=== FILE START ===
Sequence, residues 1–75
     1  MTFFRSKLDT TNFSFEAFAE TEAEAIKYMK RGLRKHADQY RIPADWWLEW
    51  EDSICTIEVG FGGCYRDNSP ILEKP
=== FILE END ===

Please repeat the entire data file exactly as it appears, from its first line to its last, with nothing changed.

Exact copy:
Sequence, residues 1–75
     1  MTFFRSKLDT TNFSFEAFAE TEAEAIKYMK RGLRKHADQY RIPADWWLEW
    51  EDSICTIEVG FGGCYRDNSP ILEKP